Mindfulness practice is simple, do-able and time-efficient!

Really! From three of the world's authorities on the science of mindfulness and how it creates balance, connection and compassion, here are two short, guided mindfulness practices and one intriguing discussion.

  1. Jon Kabat-Zinn: 10-minute guided mindfulness meditation video
  2. Kristen Neff: 20-minute guided mindfulness meditation for developing self-compassion and compassion for others
  3. Sharon Salzberg: A discussion on how to feel balanced—evolving and enriching your understanding of what balance means

Top tip:

  • Practicing mindfulness for 12 minutes a day, 5 days a week, for just 8 weeks has been shown to have the most positive, long-lasting benefits promoting your sense of balance—calm, compassion, focus and connection. 7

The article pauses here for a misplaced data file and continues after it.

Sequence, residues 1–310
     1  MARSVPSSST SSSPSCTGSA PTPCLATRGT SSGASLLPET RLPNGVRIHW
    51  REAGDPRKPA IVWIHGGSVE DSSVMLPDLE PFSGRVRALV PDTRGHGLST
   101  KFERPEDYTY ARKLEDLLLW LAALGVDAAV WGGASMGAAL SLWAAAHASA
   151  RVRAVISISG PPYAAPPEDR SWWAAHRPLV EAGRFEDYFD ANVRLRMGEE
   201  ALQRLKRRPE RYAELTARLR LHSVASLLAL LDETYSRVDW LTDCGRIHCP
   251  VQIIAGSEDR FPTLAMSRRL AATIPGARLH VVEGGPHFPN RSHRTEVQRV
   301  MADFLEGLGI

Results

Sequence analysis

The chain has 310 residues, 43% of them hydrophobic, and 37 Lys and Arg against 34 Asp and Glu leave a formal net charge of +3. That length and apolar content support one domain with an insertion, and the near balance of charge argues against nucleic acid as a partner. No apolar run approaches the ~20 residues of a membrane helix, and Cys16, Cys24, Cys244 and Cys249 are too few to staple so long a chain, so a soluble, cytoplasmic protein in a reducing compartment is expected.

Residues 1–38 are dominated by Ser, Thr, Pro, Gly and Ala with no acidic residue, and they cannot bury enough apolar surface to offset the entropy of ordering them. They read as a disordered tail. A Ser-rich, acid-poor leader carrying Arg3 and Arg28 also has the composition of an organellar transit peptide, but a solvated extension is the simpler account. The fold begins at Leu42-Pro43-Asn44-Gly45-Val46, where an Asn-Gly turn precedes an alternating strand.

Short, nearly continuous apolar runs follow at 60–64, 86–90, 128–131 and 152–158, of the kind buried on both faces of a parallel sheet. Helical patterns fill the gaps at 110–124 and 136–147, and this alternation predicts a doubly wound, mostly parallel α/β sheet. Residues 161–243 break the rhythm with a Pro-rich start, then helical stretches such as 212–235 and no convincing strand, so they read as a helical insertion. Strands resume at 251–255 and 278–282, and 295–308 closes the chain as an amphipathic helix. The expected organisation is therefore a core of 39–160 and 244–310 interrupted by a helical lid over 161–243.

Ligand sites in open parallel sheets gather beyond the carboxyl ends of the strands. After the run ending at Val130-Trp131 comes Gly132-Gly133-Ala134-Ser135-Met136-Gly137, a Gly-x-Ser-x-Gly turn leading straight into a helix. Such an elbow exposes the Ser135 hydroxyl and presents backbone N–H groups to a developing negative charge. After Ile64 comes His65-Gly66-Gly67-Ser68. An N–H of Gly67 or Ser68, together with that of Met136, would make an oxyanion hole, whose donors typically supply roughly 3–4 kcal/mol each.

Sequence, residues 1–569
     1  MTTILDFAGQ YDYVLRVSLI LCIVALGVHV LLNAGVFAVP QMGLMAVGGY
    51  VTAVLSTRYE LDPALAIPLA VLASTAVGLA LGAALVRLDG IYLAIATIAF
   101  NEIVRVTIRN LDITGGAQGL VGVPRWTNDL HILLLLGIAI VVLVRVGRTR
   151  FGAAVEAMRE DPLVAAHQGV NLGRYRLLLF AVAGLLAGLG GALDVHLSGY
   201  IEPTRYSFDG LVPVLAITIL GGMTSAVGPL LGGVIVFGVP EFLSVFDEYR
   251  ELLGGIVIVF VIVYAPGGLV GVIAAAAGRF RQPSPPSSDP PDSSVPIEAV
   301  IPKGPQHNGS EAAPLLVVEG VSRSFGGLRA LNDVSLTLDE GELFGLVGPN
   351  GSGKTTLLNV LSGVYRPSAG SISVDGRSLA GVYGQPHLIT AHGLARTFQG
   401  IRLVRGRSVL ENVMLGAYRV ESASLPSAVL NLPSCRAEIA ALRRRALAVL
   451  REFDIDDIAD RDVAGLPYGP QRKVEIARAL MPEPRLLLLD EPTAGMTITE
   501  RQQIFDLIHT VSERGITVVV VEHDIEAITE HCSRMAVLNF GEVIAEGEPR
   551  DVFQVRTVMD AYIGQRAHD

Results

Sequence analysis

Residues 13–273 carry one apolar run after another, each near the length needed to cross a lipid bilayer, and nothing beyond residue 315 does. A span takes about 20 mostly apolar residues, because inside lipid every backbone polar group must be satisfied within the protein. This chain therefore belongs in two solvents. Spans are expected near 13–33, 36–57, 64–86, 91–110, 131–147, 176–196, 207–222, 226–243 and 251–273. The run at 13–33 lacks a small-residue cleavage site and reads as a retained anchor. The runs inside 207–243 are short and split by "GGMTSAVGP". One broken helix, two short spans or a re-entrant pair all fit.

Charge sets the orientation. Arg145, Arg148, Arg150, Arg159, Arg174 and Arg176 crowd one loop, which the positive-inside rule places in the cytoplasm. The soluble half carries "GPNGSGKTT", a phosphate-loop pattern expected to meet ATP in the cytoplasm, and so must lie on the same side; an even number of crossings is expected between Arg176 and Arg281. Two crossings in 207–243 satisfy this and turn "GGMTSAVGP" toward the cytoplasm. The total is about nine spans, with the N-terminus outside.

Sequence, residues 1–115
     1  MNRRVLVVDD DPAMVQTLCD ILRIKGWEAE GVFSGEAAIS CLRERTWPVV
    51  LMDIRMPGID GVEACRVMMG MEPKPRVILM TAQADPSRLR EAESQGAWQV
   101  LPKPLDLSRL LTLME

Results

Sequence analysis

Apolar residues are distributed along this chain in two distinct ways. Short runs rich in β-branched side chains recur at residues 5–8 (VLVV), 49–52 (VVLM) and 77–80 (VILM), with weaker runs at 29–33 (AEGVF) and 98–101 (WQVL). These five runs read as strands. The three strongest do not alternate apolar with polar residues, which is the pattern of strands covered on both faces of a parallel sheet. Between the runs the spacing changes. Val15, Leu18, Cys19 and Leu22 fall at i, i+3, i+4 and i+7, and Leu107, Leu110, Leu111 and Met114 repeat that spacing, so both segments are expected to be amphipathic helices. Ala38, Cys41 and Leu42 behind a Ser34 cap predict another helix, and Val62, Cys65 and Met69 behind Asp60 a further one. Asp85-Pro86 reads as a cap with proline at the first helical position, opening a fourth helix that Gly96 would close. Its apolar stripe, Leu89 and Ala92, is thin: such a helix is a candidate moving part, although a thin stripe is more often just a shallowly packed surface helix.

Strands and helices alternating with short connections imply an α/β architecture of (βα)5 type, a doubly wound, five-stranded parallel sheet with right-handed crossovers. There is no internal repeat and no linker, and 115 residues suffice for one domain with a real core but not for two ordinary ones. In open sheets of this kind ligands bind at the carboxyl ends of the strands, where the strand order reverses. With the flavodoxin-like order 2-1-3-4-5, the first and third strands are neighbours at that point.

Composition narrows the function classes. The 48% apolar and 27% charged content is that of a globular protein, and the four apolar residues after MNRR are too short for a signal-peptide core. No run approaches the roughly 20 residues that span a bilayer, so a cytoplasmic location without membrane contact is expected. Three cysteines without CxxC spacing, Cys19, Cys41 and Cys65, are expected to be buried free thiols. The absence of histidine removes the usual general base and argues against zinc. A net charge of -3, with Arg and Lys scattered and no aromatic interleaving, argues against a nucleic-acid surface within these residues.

The feelings and emotional states we associate with the concept of balance are mediated by the release, or inhibition, of neurohormones and neurotransmitters.

Since the 1970s, clinical studies have shown that mindfulness meditation changes the concentrations of these neurochemicals in the blood serum and changes activity in key brain regions. And the result is balance—both neurochemical and emotional.

This is great news, because mindfulness practice is easy to begin, and you can find many resources online to support a daily practice.


  1. Kabat-Zinn J. Wherever you go, there you are: mindfulness meditation in everyday life. New York (NY): Hyperion; 1994. [Google Scholar]
  2. Young SN. Biologic effects of mindfulness meditation: growing insights into neurobiologic aspects of the prevention of depression. J Psychiatry Neurosci. 2011 Mar;36(2):75–77.
  3. Solberg E., Ekeberg, O., Holen, A., Osterud, B., Halvorsen, R., Vikman, A., 2000a. Melatonin and serotonin during meditation. J Psychosom Res. 48(3):268–269.